Optical Flowcells

Fiber optics revolutionized design of Flow Injection instruments by facilitating the placement of a flow cell in the best position on a flow path.  While in earlier generations of FI instruments the flow channel had to be long enough to reach inside into a bulky photometer,  equipped with a flow through cuvette (A) the present designs use optic fibers to connect a flow cell situated on an optimized position on a flow path, with a light source and a spectrophotometer. This freedom of configuration also led to development of long optical path flow cells for UV-VIS spectrophotometry and chemiluminiscence.

The use of fiber optics also influenced flow cell design. Thus for UV-VIS spectrophotometry, while in the past the 1 cm long light path of an 80microL volume flow trough cuvette was the only choice, there are now low volume fiber optic flow cells available, offering a light path range between 0.01 cm and 25cm. Thus, by changing a flow cell, the response can be adjusted to the concentration of analyte within almost three order of magnitude.

As to construction, there are two types of flowcells:
  • Free standing flowcells that can be used for any type of analyzer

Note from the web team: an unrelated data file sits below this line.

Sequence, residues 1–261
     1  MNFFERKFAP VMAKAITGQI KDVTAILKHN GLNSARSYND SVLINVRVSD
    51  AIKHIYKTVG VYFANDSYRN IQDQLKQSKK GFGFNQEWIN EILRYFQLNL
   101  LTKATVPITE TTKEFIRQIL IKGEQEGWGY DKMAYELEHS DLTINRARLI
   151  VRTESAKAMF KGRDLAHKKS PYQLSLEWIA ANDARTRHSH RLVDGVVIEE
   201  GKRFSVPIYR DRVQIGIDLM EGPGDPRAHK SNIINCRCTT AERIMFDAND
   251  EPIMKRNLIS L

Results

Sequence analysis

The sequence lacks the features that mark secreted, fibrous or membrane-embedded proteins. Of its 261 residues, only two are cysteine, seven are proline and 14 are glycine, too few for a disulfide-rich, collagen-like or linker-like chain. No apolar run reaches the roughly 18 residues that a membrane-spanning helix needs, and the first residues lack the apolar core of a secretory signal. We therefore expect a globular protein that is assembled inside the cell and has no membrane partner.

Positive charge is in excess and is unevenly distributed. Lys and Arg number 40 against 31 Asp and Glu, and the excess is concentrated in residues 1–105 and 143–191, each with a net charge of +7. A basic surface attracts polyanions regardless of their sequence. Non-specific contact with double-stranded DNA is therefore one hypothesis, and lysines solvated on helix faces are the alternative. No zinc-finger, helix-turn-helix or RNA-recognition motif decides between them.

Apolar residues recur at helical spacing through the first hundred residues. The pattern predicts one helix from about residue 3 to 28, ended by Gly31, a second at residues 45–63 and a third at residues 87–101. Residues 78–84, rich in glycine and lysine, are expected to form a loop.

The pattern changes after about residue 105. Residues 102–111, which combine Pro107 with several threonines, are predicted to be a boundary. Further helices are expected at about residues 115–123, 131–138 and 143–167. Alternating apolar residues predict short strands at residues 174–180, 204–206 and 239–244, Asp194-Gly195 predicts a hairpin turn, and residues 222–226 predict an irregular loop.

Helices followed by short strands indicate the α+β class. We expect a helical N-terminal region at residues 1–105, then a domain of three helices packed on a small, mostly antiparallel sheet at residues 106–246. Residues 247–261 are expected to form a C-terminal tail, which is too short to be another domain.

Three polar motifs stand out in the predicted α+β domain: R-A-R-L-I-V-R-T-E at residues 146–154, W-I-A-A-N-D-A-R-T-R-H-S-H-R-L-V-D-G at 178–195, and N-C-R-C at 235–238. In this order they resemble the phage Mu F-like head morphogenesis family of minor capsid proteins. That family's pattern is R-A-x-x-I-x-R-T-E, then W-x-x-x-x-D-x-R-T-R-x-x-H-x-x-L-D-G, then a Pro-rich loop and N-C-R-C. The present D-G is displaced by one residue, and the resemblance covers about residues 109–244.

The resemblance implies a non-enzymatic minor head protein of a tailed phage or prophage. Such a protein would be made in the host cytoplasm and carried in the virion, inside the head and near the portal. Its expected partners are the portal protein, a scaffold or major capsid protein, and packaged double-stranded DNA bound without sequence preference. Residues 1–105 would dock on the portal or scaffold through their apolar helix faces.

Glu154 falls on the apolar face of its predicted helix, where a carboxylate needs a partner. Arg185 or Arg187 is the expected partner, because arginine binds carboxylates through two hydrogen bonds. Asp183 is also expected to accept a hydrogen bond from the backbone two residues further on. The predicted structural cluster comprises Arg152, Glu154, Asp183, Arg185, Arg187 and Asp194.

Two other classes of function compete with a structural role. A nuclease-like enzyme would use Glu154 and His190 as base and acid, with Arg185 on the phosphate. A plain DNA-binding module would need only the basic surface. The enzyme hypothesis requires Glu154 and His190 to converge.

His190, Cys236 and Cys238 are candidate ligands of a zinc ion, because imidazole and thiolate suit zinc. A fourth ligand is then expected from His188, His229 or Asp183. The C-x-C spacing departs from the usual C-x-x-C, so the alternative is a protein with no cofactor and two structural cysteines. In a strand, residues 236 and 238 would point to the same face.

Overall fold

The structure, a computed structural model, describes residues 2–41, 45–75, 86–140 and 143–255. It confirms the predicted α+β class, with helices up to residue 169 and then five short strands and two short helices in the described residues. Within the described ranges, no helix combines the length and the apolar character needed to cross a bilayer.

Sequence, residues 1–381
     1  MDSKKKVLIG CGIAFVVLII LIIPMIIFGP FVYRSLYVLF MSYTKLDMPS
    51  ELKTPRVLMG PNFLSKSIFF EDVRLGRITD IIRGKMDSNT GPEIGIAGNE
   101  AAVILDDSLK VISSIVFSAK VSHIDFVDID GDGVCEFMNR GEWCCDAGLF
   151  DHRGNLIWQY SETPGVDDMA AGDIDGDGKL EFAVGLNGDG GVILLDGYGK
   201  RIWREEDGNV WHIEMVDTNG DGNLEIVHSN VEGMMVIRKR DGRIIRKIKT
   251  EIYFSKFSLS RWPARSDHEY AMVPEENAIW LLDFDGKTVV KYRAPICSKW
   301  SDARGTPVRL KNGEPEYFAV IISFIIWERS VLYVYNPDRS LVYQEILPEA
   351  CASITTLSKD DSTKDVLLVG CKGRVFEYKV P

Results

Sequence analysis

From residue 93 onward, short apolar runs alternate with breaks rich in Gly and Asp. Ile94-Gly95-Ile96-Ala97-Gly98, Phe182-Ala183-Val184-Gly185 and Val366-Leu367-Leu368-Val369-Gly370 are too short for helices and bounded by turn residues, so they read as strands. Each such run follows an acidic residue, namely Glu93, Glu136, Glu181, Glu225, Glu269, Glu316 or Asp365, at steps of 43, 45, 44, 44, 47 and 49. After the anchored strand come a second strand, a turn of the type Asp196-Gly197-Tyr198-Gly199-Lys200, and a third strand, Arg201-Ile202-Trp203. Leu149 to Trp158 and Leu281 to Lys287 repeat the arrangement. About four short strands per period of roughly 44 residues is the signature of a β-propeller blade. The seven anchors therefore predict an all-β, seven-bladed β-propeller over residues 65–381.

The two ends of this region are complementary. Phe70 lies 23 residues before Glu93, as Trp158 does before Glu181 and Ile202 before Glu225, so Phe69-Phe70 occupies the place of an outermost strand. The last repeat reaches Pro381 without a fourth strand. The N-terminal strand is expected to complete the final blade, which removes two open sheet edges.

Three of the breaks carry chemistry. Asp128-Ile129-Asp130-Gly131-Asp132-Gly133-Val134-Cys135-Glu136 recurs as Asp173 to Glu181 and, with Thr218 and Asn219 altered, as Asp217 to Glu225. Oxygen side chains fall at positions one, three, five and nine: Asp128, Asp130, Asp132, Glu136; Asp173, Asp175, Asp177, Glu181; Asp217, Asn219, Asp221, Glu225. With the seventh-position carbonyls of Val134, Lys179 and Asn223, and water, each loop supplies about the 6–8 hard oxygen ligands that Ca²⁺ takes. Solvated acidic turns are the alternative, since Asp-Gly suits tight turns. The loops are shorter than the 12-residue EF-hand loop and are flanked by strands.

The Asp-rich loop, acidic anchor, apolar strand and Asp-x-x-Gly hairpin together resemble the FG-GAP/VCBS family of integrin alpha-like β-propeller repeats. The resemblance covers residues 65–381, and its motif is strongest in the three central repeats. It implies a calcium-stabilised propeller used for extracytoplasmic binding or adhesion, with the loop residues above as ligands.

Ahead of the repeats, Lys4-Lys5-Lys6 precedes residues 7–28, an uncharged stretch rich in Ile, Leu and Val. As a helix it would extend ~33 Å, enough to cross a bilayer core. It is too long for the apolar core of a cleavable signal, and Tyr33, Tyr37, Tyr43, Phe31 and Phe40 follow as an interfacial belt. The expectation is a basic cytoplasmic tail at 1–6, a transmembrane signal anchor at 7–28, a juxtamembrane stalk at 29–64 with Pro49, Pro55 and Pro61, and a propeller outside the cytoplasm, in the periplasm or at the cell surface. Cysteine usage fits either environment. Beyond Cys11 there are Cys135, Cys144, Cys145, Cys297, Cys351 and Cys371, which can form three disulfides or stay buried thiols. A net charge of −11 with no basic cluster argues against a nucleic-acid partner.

• Flowcells integrated into lab-on-valve module.

Example of a free standing cell is the Z-cell shown here with 1cm (B) and 10cm (C) light path. These cells are connected to light source and spectrophotometer by quartz fiber optic cables (not shown) terminated by cell at fittings and equipped with a sapphire window. These flowcells can be disassembled for cleaning.

The advantage of integrating flowcell into lab-on-valve module is that the flow path of sample from injection point to detection is well defined, and its volume is minimized. The most recent construction allows the flow cell to be detached from LOV module, the feature which facilitates switching between flowcells of different functionality. This makes LOV module compatible with 15mm (D), 50mm, 100mm (E) and 200mm long light path cells as well as flow cell for fluorescence (F) and chemiluminiscence (G). The principal difference between these, so called Garth flowcells and the conventional design (B, C) is, that the polished end of quartz fiber optic cable is in direct contact with the fluid in the flowcells and for the long light path design is perfectly centered with a PEEK tubing that forms the flowcells light path (H). Further details on function and construction are in Sections 1.4.11., 1.4.14., 2.3.6., 2.3.9.A., 2.3.11. and 2.2.42.D.